Ross Otto

Academic title(s): 

Assistant Professor


Contact Information:


Office: 2001 McGill College, 711
Phone: 514.398.6109
Email: rotto[at]


Mailing Address:
Department of Psychology
2001 McGill College, 7th floor
Montreal, QC
H3A 1G1


Ross Otto

Research Areas:

Behavioral Neuroscience | Cognition & Cognitive Neuroscience

Research Summary:

Why do we sometimes rely on slow, deliberative, and effortful choices, while at other times we rely on fast, habitual, and reflexive choice? On one hand, making the best possible decision is effortful and time-consuming, but on the other hand, the benefits resulting from deliberative behavior may be small relative to its cost. My research investigates why we sometimes rely on slow and effortful choices, while at other times we rely on fast and reflexive choice. For example, how does an individual’s reliance upon reflective versus reflexive choice vary situationally based on factors like availability of cognitive resources, stress, time pressure, or perceived costs and benefits? Why might individuals differ, dispositionally, in their reliance upon reflective versus reflexive choices? To answer these questions, we use a combination of computational, behavioral, and psychophysiological, and neuroimaging techniques.

Selected References:

Otto, A. R. & Vassena, E. (in press). It’s all relative: reward-induced cognitive control modulation depends on context. Journal of Experimental Psychology: General.

Otto, A. R., & Daw, N. D. (2019). The opportunity cost of time modulates cognitive effort. Neuropsychologia, 123, 92–105.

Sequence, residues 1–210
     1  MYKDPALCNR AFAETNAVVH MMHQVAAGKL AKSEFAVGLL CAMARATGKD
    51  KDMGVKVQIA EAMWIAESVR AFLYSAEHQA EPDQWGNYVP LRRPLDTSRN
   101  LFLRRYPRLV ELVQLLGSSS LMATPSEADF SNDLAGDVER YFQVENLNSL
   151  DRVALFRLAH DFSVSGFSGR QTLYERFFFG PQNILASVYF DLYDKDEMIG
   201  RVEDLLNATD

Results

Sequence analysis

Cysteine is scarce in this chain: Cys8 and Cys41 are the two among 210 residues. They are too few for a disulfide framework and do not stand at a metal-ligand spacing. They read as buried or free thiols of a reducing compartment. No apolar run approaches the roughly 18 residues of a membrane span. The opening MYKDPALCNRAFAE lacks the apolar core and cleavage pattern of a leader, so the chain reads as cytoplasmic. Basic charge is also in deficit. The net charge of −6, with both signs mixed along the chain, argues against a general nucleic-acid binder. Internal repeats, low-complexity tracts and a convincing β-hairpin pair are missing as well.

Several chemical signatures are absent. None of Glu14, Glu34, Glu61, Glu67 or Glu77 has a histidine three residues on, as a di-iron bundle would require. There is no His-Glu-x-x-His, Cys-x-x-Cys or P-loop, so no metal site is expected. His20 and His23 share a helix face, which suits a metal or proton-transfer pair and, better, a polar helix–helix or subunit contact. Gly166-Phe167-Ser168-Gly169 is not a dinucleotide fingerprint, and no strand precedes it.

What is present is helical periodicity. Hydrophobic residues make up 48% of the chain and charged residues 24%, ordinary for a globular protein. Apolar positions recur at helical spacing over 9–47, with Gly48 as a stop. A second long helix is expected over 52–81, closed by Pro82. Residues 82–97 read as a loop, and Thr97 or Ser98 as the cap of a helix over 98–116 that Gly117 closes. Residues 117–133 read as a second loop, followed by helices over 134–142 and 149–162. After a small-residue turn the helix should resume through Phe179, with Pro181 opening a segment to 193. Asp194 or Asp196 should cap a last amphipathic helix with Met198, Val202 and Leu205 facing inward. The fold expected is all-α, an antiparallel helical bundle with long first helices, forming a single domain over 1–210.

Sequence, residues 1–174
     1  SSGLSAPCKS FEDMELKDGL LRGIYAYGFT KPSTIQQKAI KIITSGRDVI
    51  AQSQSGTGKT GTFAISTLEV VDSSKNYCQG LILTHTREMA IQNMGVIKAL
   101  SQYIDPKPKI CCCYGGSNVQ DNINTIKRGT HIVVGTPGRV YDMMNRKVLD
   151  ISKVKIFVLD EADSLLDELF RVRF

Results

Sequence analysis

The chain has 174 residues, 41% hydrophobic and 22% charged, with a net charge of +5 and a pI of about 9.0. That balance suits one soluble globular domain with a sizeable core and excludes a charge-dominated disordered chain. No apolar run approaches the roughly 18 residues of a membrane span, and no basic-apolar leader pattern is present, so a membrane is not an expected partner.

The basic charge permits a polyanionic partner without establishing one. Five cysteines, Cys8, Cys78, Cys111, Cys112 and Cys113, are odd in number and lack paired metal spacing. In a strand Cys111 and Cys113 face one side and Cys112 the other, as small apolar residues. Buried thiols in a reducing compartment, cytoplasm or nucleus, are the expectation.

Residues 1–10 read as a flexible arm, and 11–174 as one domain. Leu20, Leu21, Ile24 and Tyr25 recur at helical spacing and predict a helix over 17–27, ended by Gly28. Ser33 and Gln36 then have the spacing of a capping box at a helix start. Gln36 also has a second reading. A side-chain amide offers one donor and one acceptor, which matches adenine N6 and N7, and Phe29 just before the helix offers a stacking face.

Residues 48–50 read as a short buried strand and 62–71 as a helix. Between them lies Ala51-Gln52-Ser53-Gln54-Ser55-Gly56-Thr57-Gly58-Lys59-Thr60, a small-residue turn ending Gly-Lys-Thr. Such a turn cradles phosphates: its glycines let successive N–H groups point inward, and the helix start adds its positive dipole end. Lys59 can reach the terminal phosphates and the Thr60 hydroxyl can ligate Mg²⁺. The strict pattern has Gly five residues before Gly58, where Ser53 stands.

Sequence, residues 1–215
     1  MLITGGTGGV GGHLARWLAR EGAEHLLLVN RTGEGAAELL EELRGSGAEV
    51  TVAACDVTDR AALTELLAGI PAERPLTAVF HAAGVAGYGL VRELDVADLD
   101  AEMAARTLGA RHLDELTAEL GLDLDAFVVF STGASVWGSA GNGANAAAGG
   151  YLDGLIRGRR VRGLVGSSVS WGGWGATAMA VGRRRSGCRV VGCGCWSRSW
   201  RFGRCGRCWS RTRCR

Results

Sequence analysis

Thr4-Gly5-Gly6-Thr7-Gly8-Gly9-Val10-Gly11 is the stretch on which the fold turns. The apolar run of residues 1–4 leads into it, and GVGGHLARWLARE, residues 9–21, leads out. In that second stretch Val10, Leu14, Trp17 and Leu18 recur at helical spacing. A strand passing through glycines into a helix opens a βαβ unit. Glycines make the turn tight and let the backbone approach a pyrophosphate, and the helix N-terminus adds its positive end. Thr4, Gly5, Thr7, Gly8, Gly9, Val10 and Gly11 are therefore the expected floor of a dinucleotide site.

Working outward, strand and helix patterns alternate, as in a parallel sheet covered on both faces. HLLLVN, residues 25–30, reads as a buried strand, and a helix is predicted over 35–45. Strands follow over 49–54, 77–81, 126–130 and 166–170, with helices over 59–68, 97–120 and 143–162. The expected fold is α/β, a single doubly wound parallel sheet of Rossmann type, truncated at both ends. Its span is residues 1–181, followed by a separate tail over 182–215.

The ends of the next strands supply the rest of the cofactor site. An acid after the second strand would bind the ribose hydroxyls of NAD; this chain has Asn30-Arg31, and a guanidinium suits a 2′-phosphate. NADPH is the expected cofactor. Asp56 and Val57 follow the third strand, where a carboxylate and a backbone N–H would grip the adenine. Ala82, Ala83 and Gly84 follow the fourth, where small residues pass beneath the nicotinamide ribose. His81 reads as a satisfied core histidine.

Momennejad, I., Otto, A. R., Daw, N. D., & Norman, K. A. (2018). Offline replay supports planning in human reinforcement learning. eLife, 7, e32548.

Otto, A. R., & Eichstaedt, J. C. (2018). Real-world unexpected outcomes predict city-level mood states and risk-taking behavior. PLOS ONE, 13(11), e0206923.

St-Amand, D., Sheldon, S,. & Otto, A.R. (2018). Modulating episodic memory alters risk preference during decision-making. Journal of Cognitive Neuroscience, 30(10), 1433-1441.

Sandra, D. A., & Otto, A. R. (2018). Cognitive capacity limitations and Need for Cognition differentially predict reward-induced cognitive effort expenditure. Cognition, 172, 101–106.

Otto, A. R., Fleming, S.M., & Glimcher, P.W. (2016). Unexpected but Incidental Positive Outcomes Predict Real-World Gambling. Psychological Science, 27(3), 299-311.

Otto, A. R., Skatova, A., Madlon-Kay, S., & Daw, N. D. (2015). Cognitive Control Predicts Use of Model-based Reinforcement Learning. Journal of Cognitive Neuroscience, 27(2), 319–333.

Otto, A.R., Knox, W.B., Markman, A.B., & Love, B.C. (2014). Behavioral and physiological signatures of reflective exploratory choice. Cognitive, Affective, & Behavioral Neuroscience, 14(4), 1167–1183.

Otto, A. R., Raio, C. M., Chiang, A., Phelps, E. A., & Daw, N. D. (2013). Working-memory capacity protects model-based learning from stress. Proceedings of the National Academy of Sciences, 110(52), 20941–20946.

Otto, A.R., Gershman, S.J., Markman, A.B., & Daw, N.D. (2013). The curse of planning: dissecting multiple Reinforcement Learning systems by taxing the central executive. Psychological Science, 24(5), 751-761.




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